• MedicAlert Safely Home originally was created to help emergency responders treat patients who could not speak for themselves. Today, the device also helps people with dementia who wander. The device is worn as a bracelet and—when a loved one goes missing—caregivers can call the police and have the police call the 24-hour hotline to get the location of the missing person. Caregivers also can call the hotline themselves to get information. In addition to a tracking device, the bracelet has important medical information engraved on it.
  • Mindme offers two lifesaving devices—one,a location device; and the other, an alarm. The alarm allows the user to alert a Mindme response center, in case of a fall or other emergency. The locator device is specifically designed for people with dementia or other cognitive disabilities. The simple device works as a pendant that can be put in a bag or pocket and allows caregivers to track the user online at any time. Caregivers also can set a radius for the user and receive an alert if the person travels outside that zone.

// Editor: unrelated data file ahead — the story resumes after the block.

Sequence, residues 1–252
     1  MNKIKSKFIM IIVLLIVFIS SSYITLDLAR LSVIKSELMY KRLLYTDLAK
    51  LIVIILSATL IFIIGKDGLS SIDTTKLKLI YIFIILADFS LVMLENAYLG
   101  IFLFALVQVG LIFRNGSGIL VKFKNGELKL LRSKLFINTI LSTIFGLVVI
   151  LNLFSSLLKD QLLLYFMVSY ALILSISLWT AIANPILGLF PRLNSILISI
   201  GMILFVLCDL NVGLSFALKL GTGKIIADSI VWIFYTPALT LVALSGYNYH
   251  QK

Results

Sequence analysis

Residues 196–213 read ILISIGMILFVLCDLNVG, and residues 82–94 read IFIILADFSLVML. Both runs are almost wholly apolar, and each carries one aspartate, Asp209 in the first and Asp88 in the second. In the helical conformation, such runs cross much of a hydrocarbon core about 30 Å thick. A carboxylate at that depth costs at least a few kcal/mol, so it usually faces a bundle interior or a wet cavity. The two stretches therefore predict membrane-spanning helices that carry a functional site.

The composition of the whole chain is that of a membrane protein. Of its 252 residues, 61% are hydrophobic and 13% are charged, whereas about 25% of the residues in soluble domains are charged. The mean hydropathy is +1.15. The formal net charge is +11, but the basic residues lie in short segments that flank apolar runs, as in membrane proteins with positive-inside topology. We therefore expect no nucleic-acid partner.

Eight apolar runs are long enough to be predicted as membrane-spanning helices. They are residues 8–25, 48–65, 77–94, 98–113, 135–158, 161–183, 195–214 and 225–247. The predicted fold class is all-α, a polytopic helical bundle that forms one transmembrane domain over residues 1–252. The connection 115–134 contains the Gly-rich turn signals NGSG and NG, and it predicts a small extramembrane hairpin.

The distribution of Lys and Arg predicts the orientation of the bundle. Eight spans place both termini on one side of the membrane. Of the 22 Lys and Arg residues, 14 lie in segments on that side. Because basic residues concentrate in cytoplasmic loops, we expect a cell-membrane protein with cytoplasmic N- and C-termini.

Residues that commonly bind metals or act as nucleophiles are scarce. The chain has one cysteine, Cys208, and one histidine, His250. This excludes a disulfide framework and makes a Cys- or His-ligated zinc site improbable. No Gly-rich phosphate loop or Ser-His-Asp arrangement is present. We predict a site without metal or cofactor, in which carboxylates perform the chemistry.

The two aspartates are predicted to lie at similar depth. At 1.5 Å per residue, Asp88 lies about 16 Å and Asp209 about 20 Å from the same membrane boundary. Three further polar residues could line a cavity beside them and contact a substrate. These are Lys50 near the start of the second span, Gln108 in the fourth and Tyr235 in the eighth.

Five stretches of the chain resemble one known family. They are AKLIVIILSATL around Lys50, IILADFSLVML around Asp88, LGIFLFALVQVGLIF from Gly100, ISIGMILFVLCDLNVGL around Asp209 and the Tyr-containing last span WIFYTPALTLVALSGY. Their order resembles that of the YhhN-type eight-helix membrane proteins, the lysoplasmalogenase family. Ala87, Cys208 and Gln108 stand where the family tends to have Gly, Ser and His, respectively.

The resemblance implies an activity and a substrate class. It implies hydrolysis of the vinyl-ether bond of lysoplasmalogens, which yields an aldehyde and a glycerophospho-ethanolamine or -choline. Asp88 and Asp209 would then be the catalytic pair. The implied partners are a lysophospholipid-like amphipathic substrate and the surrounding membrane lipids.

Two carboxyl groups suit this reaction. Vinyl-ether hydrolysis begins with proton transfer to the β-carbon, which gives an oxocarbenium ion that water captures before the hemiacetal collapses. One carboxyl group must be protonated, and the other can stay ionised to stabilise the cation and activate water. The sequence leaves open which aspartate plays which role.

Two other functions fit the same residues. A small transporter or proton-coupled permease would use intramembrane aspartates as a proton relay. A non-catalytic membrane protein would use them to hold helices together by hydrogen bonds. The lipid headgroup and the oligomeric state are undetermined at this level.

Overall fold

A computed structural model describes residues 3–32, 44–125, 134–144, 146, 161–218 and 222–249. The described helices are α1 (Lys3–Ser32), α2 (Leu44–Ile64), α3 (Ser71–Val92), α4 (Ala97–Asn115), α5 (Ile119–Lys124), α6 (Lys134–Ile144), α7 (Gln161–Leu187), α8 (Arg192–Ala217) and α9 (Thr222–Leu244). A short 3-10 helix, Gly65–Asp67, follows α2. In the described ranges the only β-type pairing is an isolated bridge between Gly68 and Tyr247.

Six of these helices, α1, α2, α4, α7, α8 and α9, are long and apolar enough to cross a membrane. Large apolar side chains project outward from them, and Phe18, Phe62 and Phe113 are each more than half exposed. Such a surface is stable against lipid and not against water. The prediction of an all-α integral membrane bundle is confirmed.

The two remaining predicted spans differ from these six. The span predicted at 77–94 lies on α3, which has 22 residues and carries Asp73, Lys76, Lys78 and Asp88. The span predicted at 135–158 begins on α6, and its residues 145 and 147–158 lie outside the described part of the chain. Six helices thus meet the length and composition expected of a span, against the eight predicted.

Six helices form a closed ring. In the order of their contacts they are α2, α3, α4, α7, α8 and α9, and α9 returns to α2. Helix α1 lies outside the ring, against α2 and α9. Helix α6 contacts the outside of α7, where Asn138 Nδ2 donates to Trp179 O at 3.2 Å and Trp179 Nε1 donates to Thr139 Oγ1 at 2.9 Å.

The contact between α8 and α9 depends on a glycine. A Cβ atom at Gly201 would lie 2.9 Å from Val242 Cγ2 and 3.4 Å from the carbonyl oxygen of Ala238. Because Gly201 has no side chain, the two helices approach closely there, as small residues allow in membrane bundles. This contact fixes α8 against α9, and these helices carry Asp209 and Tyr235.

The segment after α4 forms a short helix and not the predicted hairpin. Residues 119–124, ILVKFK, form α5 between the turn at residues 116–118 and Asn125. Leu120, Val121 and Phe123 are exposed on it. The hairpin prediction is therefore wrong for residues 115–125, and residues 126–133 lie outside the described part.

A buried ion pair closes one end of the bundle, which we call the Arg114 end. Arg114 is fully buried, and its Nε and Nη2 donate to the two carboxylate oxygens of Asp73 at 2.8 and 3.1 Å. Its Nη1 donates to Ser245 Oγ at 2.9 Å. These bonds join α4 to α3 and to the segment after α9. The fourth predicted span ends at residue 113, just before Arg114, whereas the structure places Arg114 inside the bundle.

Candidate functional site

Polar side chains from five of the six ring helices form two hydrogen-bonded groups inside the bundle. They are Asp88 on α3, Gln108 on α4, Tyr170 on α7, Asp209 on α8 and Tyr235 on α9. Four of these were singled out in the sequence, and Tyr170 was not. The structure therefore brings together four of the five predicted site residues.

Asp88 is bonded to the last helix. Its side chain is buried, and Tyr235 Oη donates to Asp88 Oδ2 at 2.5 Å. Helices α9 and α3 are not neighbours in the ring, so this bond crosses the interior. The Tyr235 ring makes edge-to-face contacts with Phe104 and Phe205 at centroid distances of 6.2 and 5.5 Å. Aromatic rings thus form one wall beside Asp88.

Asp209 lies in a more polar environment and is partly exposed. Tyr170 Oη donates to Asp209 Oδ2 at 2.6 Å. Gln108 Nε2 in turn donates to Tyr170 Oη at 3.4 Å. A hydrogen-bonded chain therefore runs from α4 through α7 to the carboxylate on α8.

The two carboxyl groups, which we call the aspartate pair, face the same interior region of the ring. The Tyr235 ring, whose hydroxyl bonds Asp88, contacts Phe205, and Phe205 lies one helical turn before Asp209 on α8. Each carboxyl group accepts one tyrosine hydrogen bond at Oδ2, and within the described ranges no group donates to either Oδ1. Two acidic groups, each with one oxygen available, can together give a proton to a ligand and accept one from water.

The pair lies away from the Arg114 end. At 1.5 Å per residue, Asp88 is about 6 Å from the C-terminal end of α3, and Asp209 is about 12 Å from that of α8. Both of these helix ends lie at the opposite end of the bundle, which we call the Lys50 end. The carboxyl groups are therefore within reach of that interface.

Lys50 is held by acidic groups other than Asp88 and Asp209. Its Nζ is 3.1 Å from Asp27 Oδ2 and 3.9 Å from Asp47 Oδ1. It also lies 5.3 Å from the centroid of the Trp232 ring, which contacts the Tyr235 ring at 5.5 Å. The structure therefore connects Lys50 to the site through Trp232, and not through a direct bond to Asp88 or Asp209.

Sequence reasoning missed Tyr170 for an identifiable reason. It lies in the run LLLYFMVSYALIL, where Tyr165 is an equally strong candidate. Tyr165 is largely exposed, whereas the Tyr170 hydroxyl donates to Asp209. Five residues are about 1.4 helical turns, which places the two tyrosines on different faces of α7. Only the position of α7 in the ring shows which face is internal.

• PocketFinder was founded in 2005 by a single parent who wanted to know the whereabouts of his young son. Their slogan, “If you love it, locate it!” says it all. Tracking everything from luggage to pets to children to seniors, the company offers a wide range of emerging technological products. PocketFinder is designed to be the smallest tracker on the market: The device can fit in the palm of your hand. It has a battery life up of to one week and allows caregivers to track wearers through a user-friendly app. The device was updated in January 2017 and now includes three location technologies—including GPS, Cell ID, and Google Wi-Fi Touch. It now also has an SOS button.
  • Project Lifesaver provides enrolled seniors with a personal transmitter that they wear around an ankle. If they wander, the caregiver calls a local Project Lifesaver agency and a trained team will respond. Recovery times average 30 minutes and many who wander are found within a few miles of their homes.
  • Revolutionary Tracker has location-based systems to keep tabs on seniors who may wander. This GPS-enabled personal tracker features an SOS button for emergencies and offers real-time tracking ability. The device allows multiple seniors to be tracked at the same time and syncs directly to a caregiver’s smart phone or computer.